Monday, November 8, 2010

colcannon mashed potatoes

cabbage and mashed potato colcannon

Wow, I could use a break from this whole "writing a blog post every day thing" already, and its only the 8th. I have a feeling it is going to be a long month. Today I read an interesting article about the growing popularization of vegetables, which are no longer considered second class citizens in a meat eater's world. Between my diet being dictated by my injury and the epic veggie share at the CSA, I've become much less dependent on meat in my own diet, so I found it an interesting read.

In fact, the last couple of posts, in conjunction with today's, represent a great meatless dinner I put together for Laura and Nathan back in September. Luscious, tender leeks in vinaigrette, nutty and peppery romesco sauce, and creamy crunchy colcannon potatoes. It was a pan-European meal, what with the French leeks, Mediterranean romesco and Irish cabbage and potatoes. It was also extremely filling and satisfying without any meat or even cheese. If I had thickened my mashed potatoes without milk and butter, it would have even been vegan! I know I know, this is scaring me too.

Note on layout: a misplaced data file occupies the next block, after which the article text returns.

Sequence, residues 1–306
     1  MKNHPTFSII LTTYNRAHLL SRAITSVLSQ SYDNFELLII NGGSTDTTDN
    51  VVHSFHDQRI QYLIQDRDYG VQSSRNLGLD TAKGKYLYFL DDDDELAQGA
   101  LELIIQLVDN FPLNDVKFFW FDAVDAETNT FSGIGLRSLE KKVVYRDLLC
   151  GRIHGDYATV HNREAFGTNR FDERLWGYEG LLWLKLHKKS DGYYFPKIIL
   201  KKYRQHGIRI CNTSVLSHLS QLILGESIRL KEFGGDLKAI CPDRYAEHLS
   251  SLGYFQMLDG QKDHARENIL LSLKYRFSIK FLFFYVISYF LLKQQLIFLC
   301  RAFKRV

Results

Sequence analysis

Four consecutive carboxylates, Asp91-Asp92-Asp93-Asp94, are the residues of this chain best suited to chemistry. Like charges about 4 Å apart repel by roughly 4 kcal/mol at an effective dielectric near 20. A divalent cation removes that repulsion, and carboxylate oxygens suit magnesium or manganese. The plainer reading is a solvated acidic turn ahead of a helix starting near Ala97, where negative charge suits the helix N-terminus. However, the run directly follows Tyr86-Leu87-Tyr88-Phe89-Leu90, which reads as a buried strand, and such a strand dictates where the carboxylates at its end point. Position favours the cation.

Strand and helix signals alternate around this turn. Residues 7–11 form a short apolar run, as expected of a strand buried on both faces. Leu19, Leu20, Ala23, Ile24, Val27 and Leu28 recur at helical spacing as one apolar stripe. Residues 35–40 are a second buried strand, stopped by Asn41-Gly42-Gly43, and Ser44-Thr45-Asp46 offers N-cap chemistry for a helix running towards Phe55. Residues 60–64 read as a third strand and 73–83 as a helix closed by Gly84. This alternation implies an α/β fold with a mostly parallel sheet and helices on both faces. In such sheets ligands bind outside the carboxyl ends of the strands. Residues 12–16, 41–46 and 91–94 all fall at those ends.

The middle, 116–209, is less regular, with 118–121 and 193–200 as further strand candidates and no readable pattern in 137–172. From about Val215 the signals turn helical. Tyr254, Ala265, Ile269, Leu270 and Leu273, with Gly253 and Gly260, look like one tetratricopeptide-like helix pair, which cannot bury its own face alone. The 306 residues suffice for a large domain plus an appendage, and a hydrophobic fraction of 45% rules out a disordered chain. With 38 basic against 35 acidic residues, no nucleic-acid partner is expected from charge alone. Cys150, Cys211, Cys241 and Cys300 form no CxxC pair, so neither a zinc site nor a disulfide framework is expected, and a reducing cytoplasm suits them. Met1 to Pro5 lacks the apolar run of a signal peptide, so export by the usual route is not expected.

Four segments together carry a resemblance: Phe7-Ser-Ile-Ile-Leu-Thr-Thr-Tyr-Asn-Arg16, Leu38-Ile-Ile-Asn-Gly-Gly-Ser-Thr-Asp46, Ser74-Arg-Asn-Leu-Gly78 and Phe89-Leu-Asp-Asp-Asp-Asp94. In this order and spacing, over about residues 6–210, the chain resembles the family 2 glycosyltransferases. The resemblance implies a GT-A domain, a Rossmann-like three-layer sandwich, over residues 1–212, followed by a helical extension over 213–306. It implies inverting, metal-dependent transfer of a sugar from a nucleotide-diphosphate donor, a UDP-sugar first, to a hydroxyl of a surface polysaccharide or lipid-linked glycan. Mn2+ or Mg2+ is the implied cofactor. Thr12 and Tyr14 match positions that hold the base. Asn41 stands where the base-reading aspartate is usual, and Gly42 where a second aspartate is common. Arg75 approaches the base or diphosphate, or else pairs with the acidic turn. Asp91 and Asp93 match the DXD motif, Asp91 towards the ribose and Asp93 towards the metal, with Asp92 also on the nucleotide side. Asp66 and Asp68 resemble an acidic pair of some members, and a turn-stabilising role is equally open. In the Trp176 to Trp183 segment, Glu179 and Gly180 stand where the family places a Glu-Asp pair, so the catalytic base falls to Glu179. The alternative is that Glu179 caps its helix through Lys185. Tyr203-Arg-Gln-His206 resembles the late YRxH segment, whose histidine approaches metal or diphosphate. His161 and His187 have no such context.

But seriously, what with the horrible state of livestock farming in this country, it's obviously good for each of us to scale our meat intake down a little bit. Feed lots are a huge health problem in our world, not to mention totally disgusting and rife with animal cruelty. I know it's easy to get blindsided by a carnivorous love for meat, but I'm here to tell you that it's possible to cook such delicious food that you won't even miss your daily steak or pork chop. I know Nathan still raves about this meatless meal months later, and if that's not a ringing endorsement, I don't know what is.

I made the colcannon based on this recipe. I had never heard of colcannon, but basically all it is is mashed potatoes mixed with some boiled kale or cabbage , onion and parsley that has been seasoned and dressed with some lemon juice and olive oil. The author used kale, but mentioned that cabbage was also traditional. There was a big head of CSA cabbage in the fridge, so that's what went in. It was a nice variation on plain mashed potatoes and quite delicious.

Irish mashed potatoes

Together with the leeks and romesco sauce, the colcannon made for a very hearty and filling meal. We wanted for nothing. Not even a little meat.

1 comment:

  1. Note: I would have complained more about this meal had I not had meat with lunch. A day without meat is like a day with no sun. But yes it was delicious.